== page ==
BESA backs unions’ demand for ventilation in schools


The Building Engineering Services Association (BESA) has put its weight behind a call from six trade unions to take urgent action over ventilation in schools.

In a letter to the Education Secretary, the unions have warned that there will be a steep rise in Covid-19 cases when children return to school next month without improvements to airflows and filtration in classrooms and communal areas.

They say there should be government funding for carbon dioxide monitors to measure the effectiveness of ventilation, and filtration to remove harmful airborne particles.

“The benefits of ventilation in the control of airborne diseases are already well understood and accepted,” their letter said.

The National Education Union (NEU), NASUWT, the Association of School and College Leaders (ASCL), the National Association of Head Teachers (NAHT), GMB, Unison and Unite have joined forces to push for a more strategic approach to school ventilation.

“Government action on ventilation in schools and colleges amounts to little more than recommending that windows are kept open,” said ASCL general secretary Geoff Barton. “This is not sustainable in providing a comfortable learning environment in the depths of a British winter.

“If the government is serious about bringing to an end the educational disruption of the past 18 months, then it must provide funding for high-quality ventilation systems as a matter of urgency.”

The unions also pointed out that many school windows were painted shut and could not be opened.

BESA has produced two pieces of guidance this year to help building managers set up indoor air quality (IAQ) strategies and identify the main threats to health and well-being from airborne pollutants. Using mechanical ventilation systems and targeted filtration is recognised as the most effective way to reduce the risk of disease transmission, but no specific government funding has been allocated to help schools address this issue.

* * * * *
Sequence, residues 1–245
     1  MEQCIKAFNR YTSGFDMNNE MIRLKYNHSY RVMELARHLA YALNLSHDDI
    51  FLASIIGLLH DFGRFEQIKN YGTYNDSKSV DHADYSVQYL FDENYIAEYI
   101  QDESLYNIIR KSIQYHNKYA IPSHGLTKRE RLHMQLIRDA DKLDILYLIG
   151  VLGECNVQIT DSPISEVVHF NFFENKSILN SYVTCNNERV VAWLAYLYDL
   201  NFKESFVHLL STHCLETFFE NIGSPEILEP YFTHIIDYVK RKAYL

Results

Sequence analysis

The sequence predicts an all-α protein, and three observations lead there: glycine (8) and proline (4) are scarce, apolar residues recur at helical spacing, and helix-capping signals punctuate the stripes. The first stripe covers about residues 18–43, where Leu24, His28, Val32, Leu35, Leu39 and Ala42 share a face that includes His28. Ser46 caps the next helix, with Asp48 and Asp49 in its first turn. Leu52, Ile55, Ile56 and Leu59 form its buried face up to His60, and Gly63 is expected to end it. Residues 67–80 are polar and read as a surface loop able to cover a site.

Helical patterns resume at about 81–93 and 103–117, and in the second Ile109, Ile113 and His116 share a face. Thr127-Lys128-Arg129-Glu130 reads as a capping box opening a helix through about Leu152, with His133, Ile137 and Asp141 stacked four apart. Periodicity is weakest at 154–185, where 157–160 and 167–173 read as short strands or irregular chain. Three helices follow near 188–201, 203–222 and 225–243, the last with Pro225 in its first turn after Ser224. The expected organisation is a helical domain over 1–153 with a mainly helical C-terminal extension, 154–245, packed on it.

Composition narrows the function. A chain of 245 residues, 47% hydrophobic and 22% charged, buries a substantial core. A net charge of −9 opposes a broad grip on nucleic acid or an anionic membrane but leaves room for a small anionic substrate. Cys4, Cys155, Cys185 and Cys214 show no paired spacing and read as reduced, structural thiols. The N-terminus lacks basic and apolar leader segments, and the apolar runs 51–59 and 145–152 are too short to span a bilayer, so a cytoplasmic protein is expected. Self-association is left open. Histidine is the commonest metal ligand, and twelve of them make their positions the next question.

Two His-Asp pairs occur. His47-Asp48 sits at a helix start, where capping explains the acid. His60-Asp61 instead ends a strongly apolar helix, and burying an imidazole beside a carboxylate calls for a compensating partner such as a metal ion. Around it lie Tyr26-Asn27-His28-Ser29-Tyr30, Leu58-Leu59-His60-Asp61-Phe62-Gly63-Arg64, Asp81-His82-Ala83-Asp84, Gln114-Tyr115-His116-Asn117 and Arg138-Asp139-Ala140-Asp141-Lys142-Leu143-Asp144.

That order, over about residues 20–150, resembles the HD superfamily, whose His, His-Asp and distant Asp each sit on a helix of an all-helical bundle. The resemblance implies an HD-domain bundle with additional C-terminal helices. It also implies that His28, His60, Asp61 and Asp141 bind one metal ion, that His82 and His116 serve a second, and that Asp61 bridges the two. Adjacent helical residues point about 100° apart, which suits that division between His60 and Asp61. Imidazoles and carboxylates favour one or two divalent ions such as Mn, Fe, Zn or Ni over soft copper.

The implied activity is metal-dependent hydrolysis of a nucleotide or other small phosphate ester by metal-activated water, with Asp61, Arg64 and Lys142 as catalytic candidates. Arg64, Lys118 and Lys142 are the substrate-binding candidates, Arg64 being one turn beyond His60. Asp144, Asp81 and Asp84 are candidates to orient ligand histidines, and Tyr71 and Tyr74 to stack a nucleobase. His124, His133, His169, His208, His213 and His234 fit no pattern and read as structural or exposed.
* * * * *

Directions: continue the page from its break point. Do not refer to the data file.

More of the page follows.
The CEO of a primary school trust told a recent BESA webinar that lack of funding prevented schools from addressing the problem. Garry Ratcliffe said that despite greater awareness of the risk of transmitting airborne infections during the pandemic, mechanical ventilation remained a low priority for most headteachers.

Ratcliffe, who is CEO of Kent-based Galaxy Trust, said current Department for Education (DfE) guidance was inadequate. “Would it be acceptable advice to tell people in a workplace to open their windows and wear warmer clothes?” he asked.

He also said he was concerned that opening windows could be “doing more harm than good” because many schools were close to busy roads, so the children were being exposed to high levels of traffic pollution and noise.

He said his three schools had already spent over £325,000 on Covid mitigation measures but had only been able to reclaim £57,000 from the government.  Each has an annual capital budget of just £7,000, which is primarily to ensure buildings remain safe and to fix leaking roofs and heating.

“If we wanted to free up money to spend on a new ventilation system, we would have to make cuts elsewhere. However, we are judged on the quality of the education we provide…not on the quality of the air.”

The BESA guides highlight the fact that opening windows does not provide controlled ventilation. It is not an effective method of managing the direction of airflows to provide the air change rates needed to dilute airborne contaminants and viruses in every part of a room.

NEU joint general secretary Kevin Courtney said: “It is shocking that, rather than taking concrete steps now to improve the situation, the Department for Education has only just announced a pilot scheme, involving 30 schools in Bradford, to trial the use of air purifiers, with results not due until the end of the year.

“18 months into the pandemic, and given the accumulated knowledge about ventilation, kicking the issue into the long grass in this way is simply not good enough.”

BESA’s guidance calls for a mixed approach to ventilation using both mechanical and ‘natural’ systems that can minimise costs for schools, but greatly improve airflows and give teaching staff more control over their indoor environments.

“The ventilation industry has a wide range of solutions – many of which can be tailored to schools,” said the Association’s head of technical Graeme Fox. “They are relatively low cost, but they are not free. The government does need to put some level of investment into this and not just to deal with the immediate Covid issue, but to improve indoor conditions for the long-term health and well-being of pupils and staff.”

He said BESA members had been flagging up the problems caused by air pollution inside school buildings for many years.

“There is a powerful body of evidence linking poor IAQ to rising numbers of children suffering from asthma and other respiratory conditions that have serious long-term implications. BESA applauds the stance taken by the education unions and our industry is standing ready with the solutions they demand,” added


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